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January 19, 1809 – October 7, 1849
A Valentine
His father left his family early on and his mother passed away when he was only three. He was separated from his siblings so
he went to live with John and Frances Allan, a successful tobacco merchant and his wife in Richmond, Virginia. His father left
his family early on and his mother passed away when he was only three. He was separated from his siblings so he went to
live with John and Frances Allan, a successful tobacco merchant and his wife in Richmond, Virginia. When he returned home,
his neighbor and fiancée Elmira Royster had become engaged to someone else. Heartbroken and frustrated, he left the
Allans. He published his first book, Tamerlane and Other Poems, in 1827, and he joined the army around this time. He
wanted to go to West Point, a military academy, and won a spot there in 1830. Before going to West Point, he published a
second collection, Al Aaraaf, Tamberlane, and Minor Poems in 1829. He excelled his studies but was kicked out after a year
for his poor handling of his duties. After leaving the academy, he spent full time in his writing. He moved around in search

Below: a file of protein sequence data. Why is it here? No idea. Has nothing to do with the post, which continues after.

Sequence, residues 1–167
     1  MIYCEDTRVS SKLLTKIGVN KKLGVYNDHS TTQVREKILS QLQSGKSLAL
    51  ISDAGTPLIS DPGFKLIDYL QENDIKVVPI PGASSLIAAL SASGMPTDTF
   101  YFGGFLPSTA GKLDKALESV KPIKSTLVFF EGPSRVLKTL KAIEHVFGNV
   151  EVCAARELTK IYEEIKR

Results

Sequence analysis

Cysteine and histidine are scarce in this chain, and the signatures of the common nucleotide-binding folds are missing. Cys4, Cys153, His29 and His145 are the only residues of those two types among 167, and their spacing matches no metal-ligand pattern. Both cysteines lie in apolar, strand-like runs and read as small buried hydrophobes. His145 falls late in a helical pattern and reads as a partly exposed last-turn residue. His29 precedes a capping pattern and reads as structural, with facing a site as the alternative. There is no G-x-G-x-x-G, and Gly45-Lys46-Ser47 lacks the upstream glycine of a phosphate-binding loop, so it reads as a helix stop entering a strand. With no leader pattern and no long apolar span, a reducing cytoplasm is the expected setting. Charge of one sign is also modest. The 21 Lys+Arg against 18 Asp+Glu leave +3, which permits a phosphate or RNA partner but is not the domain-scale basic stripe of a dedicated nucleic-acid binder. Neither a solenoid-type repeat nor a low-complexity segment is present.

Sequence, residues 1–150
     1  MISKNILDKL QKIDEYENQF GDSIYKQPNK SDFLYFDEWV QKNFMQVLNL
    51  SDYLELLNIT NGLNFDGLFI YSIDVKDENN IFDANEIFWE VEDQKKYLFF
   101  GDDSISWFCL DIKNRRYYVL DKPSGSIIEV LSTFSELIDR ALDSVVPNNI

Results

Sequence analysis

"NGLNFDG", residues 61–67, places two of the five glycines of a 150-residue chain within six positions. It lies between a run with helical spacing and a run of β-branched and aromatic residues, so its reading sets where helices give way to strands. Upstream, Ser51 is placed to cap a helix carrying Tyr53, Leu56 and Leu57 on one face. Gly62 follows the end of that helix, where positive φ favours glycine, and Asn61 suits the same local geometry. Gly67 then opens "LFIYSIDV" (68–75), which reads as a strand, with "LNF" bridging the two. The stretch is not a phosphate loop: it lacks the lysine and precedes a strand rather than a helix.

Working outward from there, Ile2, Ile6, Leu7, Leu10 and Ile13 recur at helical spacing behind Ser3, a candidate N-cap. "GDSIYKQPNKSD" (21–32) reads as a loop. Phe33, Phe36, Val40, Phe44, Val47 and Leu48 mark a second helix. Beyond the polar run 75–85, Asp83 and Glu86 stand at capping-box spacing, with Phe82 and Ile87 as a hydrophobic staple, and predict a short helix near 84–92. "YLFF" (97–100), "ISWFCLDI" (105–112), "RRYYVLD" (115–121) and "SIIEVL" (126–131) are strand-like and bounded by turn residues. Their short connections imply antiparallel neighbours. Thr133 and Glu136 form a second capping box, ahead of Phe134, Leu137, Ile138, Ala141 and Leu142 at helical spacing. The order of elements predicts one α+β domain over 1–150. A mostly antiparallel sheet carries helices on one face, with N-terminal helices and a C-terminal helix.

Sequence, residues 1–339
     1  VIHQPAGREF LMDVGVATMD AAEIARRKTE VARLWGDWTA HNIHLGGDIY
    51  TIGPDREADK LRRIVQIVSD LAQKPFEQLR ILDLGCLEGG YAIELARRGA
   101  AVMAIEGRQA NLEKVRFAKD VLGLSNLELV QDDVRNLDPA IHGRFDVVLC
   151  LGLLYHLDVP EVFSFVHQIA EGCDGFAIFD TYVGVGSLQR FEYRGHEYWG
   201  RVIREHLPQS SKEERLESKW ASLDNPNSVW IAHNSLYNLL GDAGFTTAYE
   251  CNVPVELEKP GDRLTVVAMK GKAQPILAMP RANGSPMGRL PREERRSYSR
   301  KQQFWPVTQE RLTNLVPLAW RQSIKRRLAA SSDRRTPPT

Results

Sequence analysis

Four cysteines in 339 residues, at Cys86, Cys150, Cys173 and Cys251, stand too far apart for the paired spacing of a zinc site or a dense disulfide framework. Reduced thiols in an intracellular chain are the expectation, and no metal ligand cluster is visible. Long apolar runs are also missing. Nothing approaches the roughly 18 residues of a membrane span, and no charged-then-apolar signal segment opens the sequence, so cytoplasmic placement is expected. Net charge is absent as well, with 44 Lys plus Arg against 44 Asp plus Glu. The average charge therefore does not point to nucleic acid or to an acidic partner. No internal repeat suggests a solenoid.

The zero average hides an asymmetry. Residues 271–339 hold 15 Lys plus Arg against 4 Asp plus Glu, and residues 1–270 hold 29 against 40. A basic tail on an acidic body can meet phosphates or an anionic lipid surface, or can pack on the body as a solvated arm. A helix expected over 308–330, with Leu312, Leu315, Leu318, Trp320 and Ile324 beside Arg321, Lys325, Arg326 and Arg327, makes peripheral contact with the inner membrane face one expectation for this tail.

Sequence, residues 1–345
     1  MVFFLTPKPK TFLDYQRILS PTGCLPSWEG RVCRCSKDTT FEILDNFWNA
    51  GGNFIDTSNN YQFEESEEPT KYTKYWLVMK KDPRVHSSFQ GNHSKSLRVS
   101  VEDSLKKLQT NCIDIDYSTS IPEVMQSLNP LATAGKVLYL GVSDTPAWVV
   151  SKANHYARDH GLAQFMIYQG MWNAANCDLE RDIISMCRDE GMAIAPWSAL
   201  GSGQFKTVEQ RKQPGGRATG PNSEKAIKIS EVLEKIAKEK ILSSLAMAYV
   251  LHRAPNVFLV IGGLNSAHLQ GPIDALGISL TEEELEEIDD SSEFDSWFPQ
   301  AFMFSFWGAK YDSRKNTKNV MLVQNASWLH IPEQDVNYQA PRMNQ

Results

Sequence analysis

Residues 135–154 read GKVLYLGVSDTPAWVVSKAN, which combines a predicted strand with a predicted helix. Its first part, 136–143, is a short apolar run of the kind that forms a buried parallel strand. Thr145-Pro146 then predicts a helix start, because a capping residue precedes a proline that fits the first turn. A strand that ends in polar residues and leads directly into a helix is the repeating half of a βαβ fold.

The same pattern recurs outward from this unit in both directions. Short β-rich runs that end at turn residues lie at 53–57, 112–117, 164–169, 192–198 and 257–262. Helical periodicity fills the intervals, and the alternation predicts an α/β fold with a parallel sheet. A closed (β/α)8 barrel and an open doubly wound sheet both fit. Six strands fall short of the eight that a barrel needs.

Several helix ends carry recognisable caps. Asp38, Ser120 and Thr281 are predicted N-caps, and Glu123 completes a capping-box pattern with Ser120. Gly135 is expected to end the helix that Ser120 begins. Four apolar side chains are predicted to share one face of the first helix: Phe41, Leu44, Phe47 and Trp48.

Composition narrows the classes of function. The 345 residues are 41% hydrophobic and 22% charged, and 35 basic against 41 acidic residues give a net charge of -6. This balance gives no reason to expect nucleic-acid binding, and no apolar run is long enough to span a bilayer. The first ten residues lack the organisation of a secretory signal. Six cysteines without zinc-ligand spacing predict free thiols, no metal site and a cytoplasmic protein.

of opportunity. From 1831 to 1835, he stayed in Baltimore with his aunt Maria Clemn and her daughter Virginia. His young
cousin, Virginia became a literary inspiration and his love interest. They married in 1836. Poe then went to work for a
magazine called Southern Literary Messenger in 1835. He published some of his own works in the magazine, including two
parts of his only novel, The Narrative of Arthur Gordon Pym. In the late 1830s, he published Tales of the Grosteque and
Arabesque, a collection of stories. It contained several of his most spine-tingling tales, including “The Fall of the House of
Usher,” “Ligeia” and “William Wilson.” Poe launched the new genre of detective fiction with 1841’s “The Murders in the Rue
Morgue.” He won a literary prize in 1843 for “The Gold Bug.” He became a literary sensation in 1845 with the publication of
the poem “The Raven.” Poe was overcome with grief after the death of his beloved Virginia in 1847. He suffered from poor